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Exactly six months after undergoing a double lung transplant, Eamonn Kelly did what many with cystic fibrosis only dream about — he completed a 5K race.
“I just thought ‘oh I had a transplant and I could do that,’” he told TODAY. “Then I realized it was a pretty big deal.”
The idea to run a 5K came to Kelly as he recovered in the hospital; he wanted to do something to celebrate his new lungs. The 32-year-old science teacher ran in high school and college before his cystic fibrosis worsened, tethering him to an oxygen tank. He picked the Boston College Race to Educate 5K, which benefits his school, Saint Columbkille Partnership School, and that’s when his wife, Elana Alfred, noticed something interesting. The April 30 date was exactly six months after his transplant.
"[When I] saw the significance of the date I wanted to do it,” he said.
At birth, Kelly was diagnosed with cystic fibrosis, a rare genetic degenerative disease, which causes the mucous in the lungs, pancreas, and other organs to thicken and collect. This mucous build up in the lungs often leads to clogged airways and trapped bacteria, causing infections, which contribute to lung damage and eventual respiratory failure.
While treatments have extended the lives of people with cystic fibrosis, the average lifespan of a person who lives to adulthood with cystic fibrosis is 37. More than 33,000 people in the United States live with cystic fibrosis.
For four years, Kelly depended on oxygen to breath, seriously limiting his activities. He mostly walked and rode a stationary bike.
But he felt determined that life after surgery would be more active. As soon as he could, he started building up his strength. The day after his surgery he took about 40 steps. In the following days, he took more and more steps until he was walking around the hospital floor.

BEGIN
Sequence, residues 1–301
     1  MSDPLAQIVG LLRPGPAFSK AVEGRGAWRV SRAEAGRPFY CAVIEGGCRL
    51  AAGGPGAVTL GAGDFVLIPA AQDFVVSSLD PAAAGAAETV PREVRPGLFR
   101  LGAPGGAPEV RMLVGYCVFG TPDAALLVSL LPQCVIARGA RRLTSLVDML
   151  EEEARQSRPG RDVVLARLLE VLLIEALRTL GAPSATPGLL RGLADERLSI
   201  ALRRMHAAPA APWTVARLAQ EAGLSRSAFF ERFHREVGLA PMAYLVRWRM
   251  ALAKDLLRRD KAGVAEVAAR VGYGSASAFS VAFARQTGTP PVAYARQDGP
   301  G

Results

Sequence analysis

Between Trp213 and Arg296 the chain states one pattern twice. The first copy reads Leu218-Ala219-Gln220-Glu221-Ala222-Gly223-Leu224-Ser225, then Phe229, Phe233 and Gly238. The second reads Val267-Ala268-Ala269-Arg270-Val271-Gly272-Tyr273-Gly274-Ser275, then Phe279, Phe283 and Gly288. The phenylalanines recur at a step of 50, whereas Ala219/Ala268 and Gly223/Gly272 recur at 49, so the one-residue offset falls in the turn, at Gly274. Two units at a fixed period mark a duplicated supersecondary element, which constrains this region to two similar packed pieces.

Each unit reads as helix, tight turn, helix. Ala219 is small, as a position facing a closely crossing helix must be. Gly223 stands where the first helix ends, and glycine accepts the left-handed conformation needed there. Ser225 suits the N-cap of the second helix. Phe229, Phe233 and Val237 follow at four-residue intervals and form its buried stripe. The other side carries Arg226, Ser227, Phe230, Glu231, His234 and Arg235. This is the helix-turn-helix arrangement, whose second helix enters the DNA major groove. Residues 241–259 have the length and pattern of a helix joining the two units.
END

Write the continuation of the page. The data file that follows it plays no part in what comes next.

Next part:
After leaving the hospital and starting rehab, he walked on the treadmill at a three miles per hour pace. After a week and a half, he tried running.
“I churned up the speed for 10 miles per hour and I lasted for 10 seconds,” he said. “That was way too hard.”
His therapists suggested another approach — run for 15 seconds at a time, walk, then do another 15-second run. This built up his lung capacity and strength. Nearly a month after rehab, Kelly could run a quarter of a mile without stopping.
“It was so exciting to go from sort of measuring things in little second and minute increments to ‘okay this is an actual distance,’" he elaborated.
Despite making steady progress, Kelly couldn’t run three miles on the treadmill until a month before the race.
“Suddenly everything clicked and I was able to progress much faster,” he said.
On race day, Kelly felt confident and finished the race in 38 minutes and 33 seconds, slightly longer than his personal record of 38 minutes.
While doctors remain unsure as to how long the new lungs will extend Kelly’s life, he’s taking advantage of them. He and his wife hope to travel; Iceland and Japan are on their short list. They also want to buy a house and start a family. While running the race was a personal goal, Kelly hopes his 5K encourages others.
“I really want to inspire people to think about organ donation,” he explained. “They would have the chance to give someone the same opportunity.”
People interested in learning more about organ donation or signing up for it can do so here.